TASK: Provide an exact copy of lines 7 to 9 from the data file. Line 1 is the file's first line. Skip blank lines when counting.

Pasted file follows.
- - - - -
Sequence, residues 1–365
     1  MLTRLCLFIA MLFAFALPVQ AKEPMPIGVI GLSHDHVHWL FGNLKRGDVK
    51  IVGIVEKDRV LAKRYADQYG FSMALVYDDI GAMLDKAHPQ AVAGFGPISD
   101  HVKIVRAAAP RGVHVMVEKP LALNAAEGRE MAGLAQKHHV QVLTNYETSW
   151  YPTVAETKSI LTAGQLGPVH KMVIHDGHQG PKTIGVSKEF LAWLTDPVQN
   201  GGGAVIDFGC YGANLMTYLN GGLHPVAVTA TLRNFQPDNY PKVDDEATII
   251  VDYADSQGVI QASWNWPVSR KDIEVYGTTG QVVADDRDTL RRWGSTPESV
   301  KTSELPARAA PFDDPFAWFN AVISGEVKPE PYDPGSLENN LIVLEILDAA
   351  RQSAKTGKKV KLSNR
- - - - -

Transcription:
   251  VDYADSQGVI QASWNWPVSR KDIEVYGTTG QVVADDRDTL RRWGSTPESV
   301  KTSELPARAA PFDDPFAWFN AVISGEVKPE PYDPGSLENN LIVLEILDAA
   351  RQSAKTGKKV KLSNR